Lorraine Daston, "Rivals: How Scientists Learned to Cooperate" (Columbia Global Reports, 2023)


In Rivals: How Scientists Learned to Cooperate (Columbia Global Reports, 2023), Lorraine Daston, Director Emerita of the Max Planck Institute for the History of Science in Berlin, delves into the 350-year history of one of the most elusive communities of all: the “scientific community.” For the apparent simplicity and relative ubiquity of the expression hides in fact a complex and constantly evolving reality. As Daston puts it to open her book, “The scientific community is by any measure a very strange kind of community. For starters, no one knows who belongs to it, much less who speaks for it.” The very word of “community” and its rather friendly connotation can also be deceiving, as scientists across the globe and throughout history have never ceased to compete and engage in all sorts of polemics and debates. 

Beginning with the Republic of Letters, Daston takes a closer look at a series of ambitious scientific enterprises that required the collaboration of a variety of scientific actors across the globe. Through her analysis of what made some of these collaborative endeavors possible, as well as what made them successful or not, Daston offers a dynamic portrait of the scientific community as something that had to be re-imagined and re-actualized in the face of global events and phenomena. The global environmental crisis and the post-pandemic context that we are now living in are, more than ever, putting to the test the ability of scientific actors to imagine themselves as a functional and purpose-driven community. Rivals provide its readers some well-needed historical insights to better understand the challenges ahead.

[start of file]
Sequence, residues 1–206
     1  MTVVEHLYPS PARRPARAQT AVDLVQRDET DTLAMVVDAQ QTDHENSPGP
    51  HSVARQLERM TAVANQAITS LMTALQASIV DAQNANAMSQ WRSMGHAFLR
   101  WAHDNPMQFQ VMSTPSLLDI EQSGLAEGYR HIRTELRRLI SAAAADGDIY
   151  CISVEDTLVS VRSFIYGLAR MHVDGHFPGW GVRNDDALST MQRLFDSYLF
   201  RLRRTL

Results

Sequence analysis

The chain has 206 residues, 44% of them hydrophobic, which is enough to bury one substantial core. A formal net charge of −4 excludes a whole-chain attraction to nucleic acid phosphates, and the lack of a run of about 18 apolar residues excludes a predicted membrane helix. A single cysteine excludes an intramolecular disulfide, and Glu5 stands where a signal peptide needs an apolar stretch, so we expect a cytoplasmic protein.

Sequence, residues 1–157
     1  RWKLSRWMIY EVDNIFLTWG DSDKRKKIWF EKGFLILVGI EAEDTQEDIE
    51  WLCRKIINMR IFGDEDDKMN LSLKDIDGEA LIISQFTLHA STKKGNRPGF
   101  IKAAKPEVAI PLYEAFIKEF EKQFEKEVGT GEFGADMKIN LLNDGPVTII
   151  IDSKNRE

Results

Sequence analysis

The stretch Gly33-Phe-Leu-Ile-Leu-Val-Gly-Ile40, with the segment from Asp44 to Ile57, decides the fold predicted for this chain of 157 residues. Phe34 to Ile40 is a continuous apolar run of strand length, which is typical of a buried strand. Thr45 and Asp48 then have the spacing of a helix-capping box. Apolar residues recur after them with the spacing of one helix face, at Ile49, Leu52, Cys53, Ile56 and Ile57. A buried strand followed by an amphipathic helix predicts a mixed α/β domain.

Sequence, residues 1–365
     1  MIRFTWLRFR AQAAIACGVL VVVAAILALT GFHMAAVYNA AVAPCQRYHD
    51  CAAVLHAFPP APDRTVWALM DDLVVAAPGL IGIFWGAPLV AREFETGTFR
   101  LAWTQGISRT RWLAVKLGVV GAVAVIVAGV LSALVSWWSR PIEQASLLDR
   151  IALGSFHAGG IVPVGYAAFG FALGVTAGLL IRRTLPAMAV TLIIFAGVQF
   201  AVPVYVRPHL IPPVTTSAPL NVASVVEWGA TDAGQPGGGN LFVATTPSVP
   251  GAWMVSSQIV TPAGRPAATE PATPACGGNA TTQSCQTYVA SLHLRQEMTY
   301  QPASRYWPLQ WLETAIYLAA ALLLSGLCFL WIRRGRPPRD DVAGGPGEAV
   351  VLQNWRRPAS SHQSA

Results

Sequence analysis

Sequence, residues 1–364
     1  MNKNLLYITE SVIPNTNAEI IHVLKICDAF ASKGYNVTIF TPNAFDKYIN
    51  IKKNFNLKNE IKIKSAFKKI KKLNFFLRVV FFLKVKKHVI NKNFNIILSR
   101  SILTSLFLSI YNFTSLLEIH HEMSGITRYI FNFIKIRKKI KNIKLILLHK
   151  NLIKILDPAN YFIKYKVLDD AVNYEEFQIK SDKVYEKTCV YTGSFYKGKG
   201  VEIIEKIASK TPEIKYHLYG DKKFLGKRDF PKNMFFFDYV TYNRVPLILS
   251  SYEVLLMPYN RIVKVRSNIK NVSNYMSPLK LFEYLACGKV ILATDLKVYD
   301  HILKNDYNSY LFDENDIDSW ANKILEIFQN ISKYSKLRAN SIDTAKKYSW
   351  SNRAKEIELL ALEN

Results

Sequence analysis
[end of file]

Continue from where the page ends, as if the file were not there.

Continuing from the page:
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Victor Monnin

Victor Monnin, Ph.D. is an early-career historian of science. He teaches History at John Jay College, City University of New York.

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